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Evan Low Introduces Bills Strengthening Hate Crime Enforcement

Legislation to Equip Law Enforcement to Prosecute Increasing Hate Crimes

For immediate release:

SACRAMENTO — Today Assemblymember Evan Low (D-Silicon Valley) introduced two pieces of legislation, AB 2603 and AB 2604, which strengthen the tools available to California law enforcement to prosecute the alarming rise of hate crimes against communities. AB 2603 allows for a court to issue a search warrant in cases of misdemeanor hate crimes, and AB 2604 expands the law in order to allow prosecutors to introduce evidence relating to biases against protected groups. Together, these bills will give prosecutors new tools to effectively identify and charge criminals that commit hate crimes.

Assemblymember Evan Low described existing law as “poorly written”:

“The rise in hate crimes against the elderly, as well as Asian Americans and other groups, necessitates that California adopt stronger laws to provide the best possible tools for law enforcement to protect communities against criminals that would target people based on race, gender, disability, age or other characteristics. No criminal that targets Californians with hate should be able to escape prosecution and consequences as a result of poorly written laws that currently protect criminals over the victims of hate crimes.”

AB 2603 addresses the fact that under current California law, search warrants are not allowed for misdemeanor hate crimes despite the difficulty of collecting evidence in order to prosecute hate crimes. AB 2603 will allow law enforcement to seek search warrants in misdemeanor hate crime cases thereby increasing the ability of prosecutors to hold accountable individuals that target communities with hate crimes.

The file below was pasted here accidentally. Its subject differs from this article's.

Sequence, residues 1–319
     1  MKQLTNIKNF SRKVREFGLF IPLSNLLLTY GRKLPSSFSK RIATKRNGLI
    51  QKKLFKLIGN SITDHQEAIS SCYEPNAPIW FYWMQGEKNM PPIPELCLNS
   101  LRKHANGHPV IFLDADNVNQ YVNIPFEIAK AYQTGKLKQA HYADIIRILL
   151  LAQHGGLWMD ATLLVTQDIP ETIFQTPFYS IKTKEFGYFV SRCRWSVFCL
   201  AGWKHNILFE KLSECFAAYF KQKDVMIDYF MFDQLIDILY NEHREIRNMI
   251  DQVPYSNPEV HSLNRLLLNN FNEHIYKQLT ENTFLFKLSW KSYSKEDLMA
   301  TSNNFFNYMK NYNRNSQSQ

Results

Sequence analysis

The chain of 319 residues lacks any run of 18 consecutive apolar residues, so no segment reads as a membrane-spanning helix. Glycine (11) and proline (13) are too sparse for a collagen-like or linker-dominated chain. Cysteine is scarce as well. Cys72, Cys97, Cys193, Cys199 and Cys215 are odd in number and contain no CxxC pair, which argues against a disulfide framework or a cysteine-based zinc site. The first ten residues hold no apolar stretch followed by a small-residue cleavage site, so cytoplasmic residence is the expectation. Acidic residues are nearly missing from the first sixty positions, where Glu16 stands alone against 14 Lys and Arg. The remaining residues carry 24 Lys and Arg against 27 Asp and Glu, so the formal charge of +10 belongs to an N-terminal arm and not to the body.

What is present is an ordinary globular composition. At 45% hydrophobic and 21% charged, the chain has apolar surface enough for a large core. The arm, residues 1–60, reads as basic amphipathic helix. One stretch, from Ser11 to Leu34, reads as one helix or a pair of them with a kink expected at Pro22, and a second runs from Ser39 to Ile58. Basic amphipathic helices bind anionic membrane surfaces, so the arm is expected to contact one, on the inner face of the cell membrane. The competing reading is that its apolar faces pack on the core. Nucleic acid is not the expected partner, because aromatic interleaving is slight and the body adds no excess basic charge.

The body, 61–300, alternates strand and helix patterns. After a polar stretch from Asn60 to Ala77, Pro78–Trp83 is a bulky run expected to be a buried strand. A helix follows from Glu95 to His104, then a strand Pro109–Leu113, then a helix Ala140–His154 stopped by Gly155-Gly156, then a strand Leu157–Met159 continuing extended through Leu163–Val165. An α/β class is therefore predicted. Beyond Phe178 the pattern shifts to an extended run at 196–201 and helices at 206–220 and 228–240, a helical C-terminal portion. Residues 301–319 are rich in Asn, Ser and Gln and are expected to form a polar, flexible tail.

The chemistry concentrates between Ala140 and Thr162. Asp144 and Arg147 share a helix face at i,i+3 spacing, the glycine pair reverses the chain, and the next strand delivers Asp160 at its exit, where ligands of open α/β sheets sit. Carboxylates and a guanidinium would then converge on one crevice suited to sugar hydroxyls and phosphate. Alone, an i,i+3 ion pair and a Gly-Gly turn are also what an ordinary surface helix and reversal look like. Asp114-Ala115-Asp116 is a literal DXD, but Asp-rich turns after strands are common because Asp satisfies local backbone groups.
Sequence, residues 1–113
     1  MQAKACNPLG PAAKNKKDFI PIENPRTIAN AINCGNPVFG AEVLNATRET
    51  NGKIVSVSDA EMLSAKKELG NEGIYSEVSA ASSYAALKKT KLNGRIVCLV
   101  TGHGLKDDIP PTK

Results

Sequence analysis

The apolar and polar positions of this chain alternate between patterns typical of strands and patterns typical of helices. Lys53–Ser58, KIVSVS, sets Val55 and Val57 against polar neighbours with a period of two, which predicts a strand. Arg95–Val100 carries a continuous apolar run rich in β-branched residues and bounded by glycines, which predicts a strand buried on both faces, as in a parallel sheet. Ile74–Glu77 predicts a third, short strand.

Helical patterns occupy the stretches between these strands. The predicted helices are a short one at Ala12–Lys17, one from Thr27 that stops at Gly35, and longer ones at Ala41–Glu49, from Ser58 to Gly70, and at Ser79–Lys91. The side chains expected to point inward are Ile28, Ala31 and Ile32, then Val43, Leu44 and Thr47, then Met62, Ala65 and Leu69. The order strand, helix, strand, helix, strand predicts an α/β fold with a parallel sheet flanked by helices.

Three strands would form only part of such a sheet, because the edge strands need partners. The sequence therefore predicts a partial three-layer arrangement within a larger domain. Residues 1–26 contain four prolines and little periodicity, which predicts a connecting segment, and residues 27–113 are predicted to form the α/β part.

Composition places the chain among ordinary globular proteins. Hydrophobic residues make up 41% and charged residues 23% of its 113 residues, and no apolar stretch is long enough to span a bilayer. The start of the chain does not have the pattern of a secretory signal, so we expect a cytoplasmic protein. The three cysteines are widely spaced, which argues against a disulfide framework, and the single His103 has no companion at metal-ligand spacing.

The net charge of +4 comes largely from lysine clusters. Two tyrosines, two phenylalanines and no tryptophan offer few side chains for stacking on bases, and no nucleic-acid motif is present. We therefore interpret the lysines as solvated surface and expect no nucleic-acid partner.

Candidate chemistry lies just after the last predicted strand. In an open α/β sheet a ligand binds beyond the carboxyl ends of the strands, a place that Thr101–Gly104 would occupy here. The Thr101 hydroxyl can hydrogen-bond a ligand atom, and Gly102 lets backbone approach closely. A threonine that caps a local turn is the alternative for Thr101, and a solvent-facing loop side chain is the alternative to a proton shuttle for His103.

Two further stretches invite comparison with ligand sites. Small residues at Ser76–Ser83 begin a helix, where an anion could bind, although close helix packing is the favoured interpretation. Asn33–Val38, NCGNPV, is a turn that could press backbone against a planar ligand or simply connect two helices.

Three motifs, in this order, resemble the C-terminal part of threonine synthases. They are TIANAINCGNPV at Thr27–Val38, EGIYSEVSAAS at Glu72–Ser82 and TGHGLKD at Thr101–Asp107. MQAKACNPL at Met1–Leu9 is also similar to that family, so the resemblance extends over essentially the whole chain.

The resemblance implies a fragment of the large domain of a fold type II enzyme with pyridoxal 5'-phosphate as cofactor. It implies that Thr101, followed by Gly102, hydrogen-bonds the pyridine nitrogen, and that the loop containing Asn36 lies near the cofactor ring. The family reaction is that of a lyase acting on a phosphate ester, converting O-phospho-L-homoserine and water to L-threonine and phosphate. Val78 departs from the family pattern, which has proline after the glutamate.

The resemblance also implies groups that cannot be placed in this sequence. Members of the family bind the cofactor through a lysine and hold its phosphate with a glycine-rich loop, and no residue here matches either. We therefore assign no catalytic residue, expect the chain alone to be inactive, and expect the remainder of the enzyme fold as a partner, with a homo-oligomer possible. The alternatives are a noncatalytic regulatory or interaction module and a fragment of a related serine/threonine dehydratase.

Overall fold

AB 2604 will allow prosecutors to introduce evidence relating to biases against protected groups. A “bias against” means a negative attitude toward actual or perceived characteristics of the victim listed in the definition of “hate crime” in subdivision (a) of Section 422.56. Depending on the circumstances of each case, evidence of bias motivation may include, but is not limited to, hatred, animosity, resentment, revulsion, contempt, unreasonable fear, paranoia, callousness, thrill-seeking, desire for social dominance, desire for social bonding with those of one’s “own kind,” or a perception of the vulnerability of the victim due to the victim being perceived as being weak, worthless, fair game, or the selective targeting of victims because of an actual or perceived characteristic of the victim.

Ultimately, while current law allows for the prosecution of people who clearly state their intent is to target an individual of a protected class, it is weak when it comes to an individual who is deliberately targeting individuals. AB 2604 will allow for prosecutors to introduce critical evidence of motivation behind hate crimes to jurors, making it easier to hold criminals that target communities with hate accountable for their violence.

With an increased focus by Californians on the rising rate of hate-driven crime throughout our communities, Assemblymember Low is hopeful his legislative colleagues will be prepared to act on these critical protections for vulnerable communities.


Evan Low represents the Silicon Valley in the California State Assembly. He was elected in 2014 after serving as a Councilmember and Mayor for the City of Campbell. He serves as a Member of the Assembly Committees on Business and Professions, Elections, Governmental Organization, Higher Education, and Rules. Assemblymember Low also serves as the Chair of the California Asian American & Pacific Islander Legislative Caucus, is the founder and Co-Chair of the California Legislative Technology & Innovation Caucus, and is a Member of the California Legislative LGBTQ Caucus.